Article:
Do You Find It Difficult To Commit To a Lengthy Process?

A debt management strategy that is fully sustainable allows you to stick to a course of action and demonstrate commitment over time. You can’t simply adopt your counselor’s tailored budget to pay down your bills and start planning for the future for a couple weeks and then slip right into old patterns.

It requires time and effort to get out of debt, and it necessitates certain concessions, such as the following:

  • Smoking and alcohol are two costly social activities that should be reduced or eliminated.
  • Swapping a newer, more costly vehicle with one with a smaller payment (or reducing the number of cars in your family from two to one)
  • Purchasing generic grocery products, for example, will help you save money on groceries.
  • If you can realistically manage it, take less, shorter leisure vacations.
  • Reducing non-essential spending, such as restaurant meals
  • Unnecessary internet retail orders can be avoided.

These modifications don’t have to be irreversible if you practice restraint, but they may be crucial to resolving the immediate debt issues.

Is There a Better Option for You?

And if the loans are unmanageable, a debt restructuring strategy can not be the right option for you. If you’re having difficulty servicing your mortgage, car loan, or other guaranteed loans, talk to your lender about refinancing opportunities that might lower your monthly costs without placing you in default.

Alternatively, you should utilize the budgeting and preparation resources offered by your credit counselor. They won’t be able to pay off the loans for you, so they might let you take a new look at your finances.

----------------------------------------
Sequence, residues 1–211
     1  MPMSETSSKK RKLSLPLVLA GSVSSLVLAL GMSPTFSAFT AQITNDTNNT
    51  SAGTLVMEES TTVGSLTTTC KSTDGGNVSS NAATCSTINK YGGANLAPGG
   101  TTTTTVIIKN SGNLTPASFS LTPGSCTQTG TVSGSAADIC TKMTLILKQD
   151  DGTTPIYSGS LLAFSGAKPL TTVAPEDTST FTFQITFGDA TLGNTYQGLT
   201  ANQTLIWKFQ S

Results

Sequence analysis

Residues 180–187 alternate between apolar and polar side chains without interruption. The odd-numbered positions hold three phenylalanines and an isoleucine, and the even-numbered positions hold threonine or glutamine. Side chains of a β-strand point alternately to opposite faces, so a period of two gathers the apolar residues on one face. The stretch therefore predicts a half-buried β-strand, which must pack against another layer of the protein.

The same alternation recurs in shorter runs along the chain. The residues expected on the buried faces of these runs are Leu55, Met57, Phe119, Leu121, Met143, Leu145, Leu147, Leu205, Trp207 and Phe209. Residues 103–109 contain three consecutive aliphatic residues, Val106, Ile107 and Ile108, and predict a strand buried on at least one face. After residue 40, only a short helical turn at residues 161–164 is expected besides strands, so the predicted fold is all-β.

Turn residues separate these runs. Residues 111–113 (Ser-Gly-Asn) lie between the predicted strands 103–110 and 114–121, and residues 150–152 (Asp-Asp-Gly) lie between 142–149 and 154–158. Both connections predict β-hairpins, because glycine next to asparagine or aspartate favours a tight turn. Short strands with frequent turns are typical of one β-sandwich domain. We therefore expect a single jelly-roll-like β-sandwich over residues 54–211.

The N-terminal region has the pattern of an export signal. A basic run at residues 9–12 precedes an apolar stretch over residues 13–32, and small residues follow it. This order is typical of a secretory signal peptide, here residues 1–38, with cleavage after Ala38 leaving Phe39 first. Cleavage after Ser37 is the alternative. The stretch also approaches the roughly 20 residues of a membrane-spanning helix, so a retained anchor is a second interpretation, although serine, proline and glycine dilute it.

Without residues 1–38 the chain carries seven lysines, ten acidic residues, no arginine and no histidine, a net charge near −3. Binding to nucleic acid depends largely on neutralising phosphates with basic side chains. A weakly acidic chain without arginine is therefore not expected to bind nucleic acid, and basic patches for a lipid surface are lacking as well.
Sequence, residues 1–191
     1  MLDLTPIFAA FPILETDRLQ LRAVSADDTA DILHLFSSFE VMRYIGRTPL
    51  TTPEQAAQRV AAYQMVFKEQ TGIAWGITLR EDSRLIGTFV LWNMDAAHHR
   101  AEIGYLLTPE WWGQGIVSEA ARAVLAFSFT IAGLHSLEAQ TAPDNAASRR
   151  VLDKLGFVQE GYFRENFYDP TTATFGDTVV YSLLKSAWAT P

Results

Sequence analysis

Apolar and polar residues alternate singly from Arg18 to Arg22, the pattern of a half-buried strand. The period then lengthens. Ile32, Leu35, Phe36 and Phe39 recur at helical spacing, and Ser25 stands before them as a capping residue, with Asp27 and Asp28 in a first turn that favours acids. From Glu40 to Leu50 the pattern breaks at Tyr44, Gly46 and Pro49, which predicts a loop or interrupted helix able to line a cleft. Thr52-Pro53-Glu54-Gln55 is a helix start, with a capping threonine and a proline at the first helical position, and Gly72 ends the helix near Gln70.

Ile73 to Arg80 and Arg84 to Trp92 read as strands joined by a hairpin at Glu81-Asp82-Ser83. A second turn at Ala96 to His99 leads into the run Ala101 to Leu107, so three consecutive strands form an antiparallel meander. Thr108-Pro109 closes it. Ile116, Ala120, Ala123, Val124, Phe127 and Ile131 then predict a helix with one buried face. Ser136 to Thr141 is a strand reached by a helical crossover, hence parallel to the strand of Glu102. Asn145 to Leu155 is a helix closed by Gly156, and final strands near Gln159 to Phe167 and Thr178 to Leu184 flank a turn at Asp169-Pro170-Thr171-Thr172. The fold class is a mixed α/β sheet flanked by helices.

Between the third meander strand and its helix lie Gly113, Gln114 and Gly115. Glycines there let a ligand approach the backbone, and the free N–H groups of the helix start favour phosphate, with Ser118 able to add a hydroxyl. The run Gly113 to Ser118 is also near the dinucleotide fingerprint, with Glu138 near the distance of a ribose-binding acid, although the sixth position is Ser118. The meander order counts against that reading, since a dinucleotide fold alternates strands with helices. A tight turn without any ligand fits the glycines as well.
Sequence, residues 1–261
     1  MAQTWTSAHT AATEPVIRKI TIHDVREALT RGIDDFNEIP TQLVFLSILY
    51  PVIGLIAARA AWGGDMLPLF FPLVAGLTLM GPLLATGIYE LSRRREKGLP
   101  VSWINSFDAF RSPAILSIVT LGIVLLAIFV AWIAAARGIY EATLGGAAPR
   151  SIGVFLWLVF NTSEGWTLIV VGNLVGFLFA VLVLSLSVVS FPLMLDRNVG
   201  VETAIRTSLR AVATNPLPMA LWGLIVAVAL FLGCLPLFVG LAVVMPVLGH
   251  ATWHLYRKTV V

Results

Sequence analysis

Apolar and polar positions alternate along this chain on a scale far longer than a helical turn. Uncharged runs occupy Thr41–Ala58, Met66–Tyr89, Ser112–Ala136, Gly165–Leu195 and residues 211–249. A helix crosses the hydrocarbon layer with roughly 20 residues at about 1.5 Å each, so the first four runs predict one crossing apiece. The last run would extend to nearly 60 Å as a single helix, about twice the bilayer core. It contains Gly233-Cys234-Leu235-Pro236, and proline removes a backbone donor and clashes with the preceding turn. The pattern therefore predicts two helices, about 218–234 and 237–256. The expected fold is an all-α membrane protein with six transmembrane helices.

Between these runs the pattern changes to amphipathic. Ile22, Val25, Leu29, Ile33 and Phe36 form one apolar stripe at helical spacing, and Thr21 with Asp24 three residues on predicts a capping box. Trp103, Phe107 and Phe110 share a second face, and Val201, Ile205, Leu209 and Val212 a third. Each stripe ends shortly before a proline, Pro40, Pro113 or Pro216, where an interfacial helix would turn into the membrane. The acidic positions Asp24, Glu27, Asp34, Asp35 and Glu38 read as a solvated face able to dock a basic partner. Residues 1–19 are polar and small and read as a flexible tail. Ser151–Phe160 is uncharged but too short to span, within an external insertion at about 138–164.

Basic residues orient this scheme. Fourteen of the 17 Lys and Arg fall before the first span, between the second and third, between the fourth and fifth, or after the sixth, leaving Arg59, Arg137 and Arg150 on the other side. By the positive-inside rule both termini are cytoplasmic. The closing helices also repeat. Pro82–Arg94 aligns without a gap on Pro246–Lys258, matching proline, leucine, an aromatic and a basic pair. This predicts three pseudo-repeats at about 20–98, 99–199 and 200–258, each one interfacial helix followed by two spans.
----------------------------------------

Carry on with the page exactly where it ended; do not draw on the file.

However, it’s vital to consider whether a DMP is the right solution. If you’re behind on several credit card bills, can’t make much more space in your budget to slash, and are concerned about bankruptcy, the immediate hit to your credit rating and monthly plan payments may be worth it.

DMPs and Credit Counseling Alternatives

Enrolling in a debt management plan is only one of the common debt-relief solutions open to customers. If you don’t think it’s right for you, there are a few other things to consider:

Directly Negotiating With The Creditors

Most creditors bargain with investors, even though they don’t want to admit that. After all, no one wants to lose their whole investment. You must begin this procedure by contacting your loan officer or the customer support department of your credit card.

Loans for Debt Consolidation